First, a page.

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Thursday, May 23, 2024

PH takes great strides toward clean energy

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Energy has been a valuable resource among countries and societies because it powers nearly everything people need to navigate their daily schedules. But despite energy’s advantages, it also has harmful effects when used excessively.

Thanks to technology, researchers discovered more sustainable energy sources that could generate enough power to maintain cities without straining the environment.

Countries across the globe have since begun pledging to transition to renewable energy to promote sustainability within civilizations.

The Philippines is among those countries that switched to using sustainable energy to maintain the processes of various industries as demand continues to go up.

According to statistics, the primary energy consumption in the Philippines reached 2.11 exajoules in 2022, reflecting an increase from the previous year.

Where to harness renewable energy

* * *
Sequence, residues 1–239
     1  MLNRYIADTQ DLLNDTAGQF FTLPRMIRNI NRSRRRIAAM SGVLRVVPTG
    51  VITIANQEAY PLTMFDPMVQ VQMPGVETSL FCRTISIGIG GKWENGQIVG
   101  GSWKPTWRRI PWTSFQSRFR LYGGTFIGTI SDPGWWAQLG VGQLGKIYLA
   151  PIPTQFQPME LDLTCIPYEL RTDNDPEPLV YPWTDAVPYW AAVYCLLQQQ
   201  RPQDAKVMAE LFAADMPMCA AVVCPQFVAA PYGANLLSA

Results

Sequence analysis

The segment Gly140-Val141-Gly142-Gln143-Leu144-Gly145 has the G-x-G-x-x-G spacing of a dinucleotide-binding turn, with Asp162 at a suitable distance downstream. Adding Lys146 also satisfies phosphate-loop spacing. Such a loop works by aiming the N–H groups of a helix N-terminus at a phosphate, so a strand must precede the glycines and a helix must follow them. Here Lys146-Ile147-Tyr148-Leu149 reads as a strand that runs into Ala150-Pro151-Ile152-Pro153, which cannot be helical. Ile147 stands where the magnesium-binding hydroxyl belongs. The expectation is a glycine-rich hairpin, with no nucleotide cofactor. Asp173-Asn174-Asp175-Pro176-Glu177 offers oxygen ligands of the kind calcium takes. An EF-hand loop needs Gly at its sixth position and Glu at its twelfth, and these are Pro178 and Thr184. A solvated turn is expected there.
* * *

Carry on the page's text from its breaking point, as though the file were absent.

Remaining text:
One of the most common sources of renewable energy is the sun. The Earth intercepts solar energy about 10,000 times more than how humankind consumes power. People harness this natural resource through solar panels and similar technology to convert sunlight into electrical energy.

Another typical renewable energy most countries use, even in the Philippines, is wind energy. It harnesses kinetic energy from moving air by using large wind turbines on land. Wind energy has been present for millennia and continuously evolved to maximize the electricity produced with taller turbines and larger rotor diameters.

There’s also hydropower, which harnesses the energy of moving water from higher to lower elevations. Reservoir hydropower plants rely on stored water in a reservoir, while run-of-river hydropower plants harness power from the available water flow.

A nationwide shift to sustainable energy

Numerous initiatives for clean energy nationwide have been successfully implemented throughout the years. Various factors, like intent, partnership, and more, contributed to its success in providing sustainable energy for Filipinos.

Early this year, the Department of Energy (DOE) announced its plans for renewable projects, with some in Western Visayas, to encourage almost every corner of the country to use sustainable energy. These projects include 68 potential projects, totaling 14,245 megawatts of capacity.